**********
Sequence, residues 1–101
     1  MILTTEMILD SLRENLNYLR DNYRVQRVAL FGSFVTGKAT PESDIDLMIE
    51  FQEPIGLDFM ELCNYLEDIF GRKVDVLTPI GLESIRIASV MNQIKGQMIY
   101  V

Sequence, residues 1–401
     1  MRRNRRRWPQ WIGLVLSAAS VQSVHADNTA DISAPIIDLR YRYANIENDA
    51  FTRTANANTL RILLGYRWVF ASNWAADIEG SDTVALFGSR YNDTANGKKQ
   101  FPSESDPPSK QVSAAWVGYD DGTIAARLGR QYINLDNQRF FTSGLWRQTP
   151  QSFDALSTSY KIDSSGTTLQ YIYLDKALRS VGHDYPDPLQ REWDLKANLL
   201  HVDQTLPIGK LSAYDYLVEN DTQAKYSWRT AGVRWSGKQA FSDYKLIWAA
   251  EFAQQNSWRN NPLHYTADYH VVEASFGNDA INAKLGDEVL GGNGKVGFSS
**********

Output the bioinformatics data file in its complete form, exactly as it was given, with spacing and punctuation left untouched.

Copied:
Sequence, residues 1–101
     1  MILTTEMILD SLRENLNYLR DNYRVQRVAL FGSFVTGKAT PESDIDLMIE
    51  FQEPIGLDFM ELCNYLEDIF GRKVDVLTPI GLESIRIASV MNQIKGQMIY
   101  V

Sequence, residues 1–401
     1  MRRNRRRWPQ WIGLVLSAAS VQSVHADNTA DISAPIIDLR YRYANIENDA
    51  FTRTANANTL RILLGYRWVF ASNWAADIEG SDTVALFGSR YNDTANGKKQ
   101  FPSESDPPSK QVSAAWVGYD DGTIAARLGR QYINLDNQRF FTSGLWRQTP
   151  QSFDALSTSY KIDSSGTTLQ YIYLDKALRS VGHDYPDPLQ REWDLKANLL
   201  HVDQTLPIGK LSAYDYLVEN DTQAKYSWRT AGVRWSGKQA FSDYKLIWAA
   251  EFAQQNSWRN NPLHYTADYH VVEASFGNDA INAKLGDEVL GGNGKVGFSS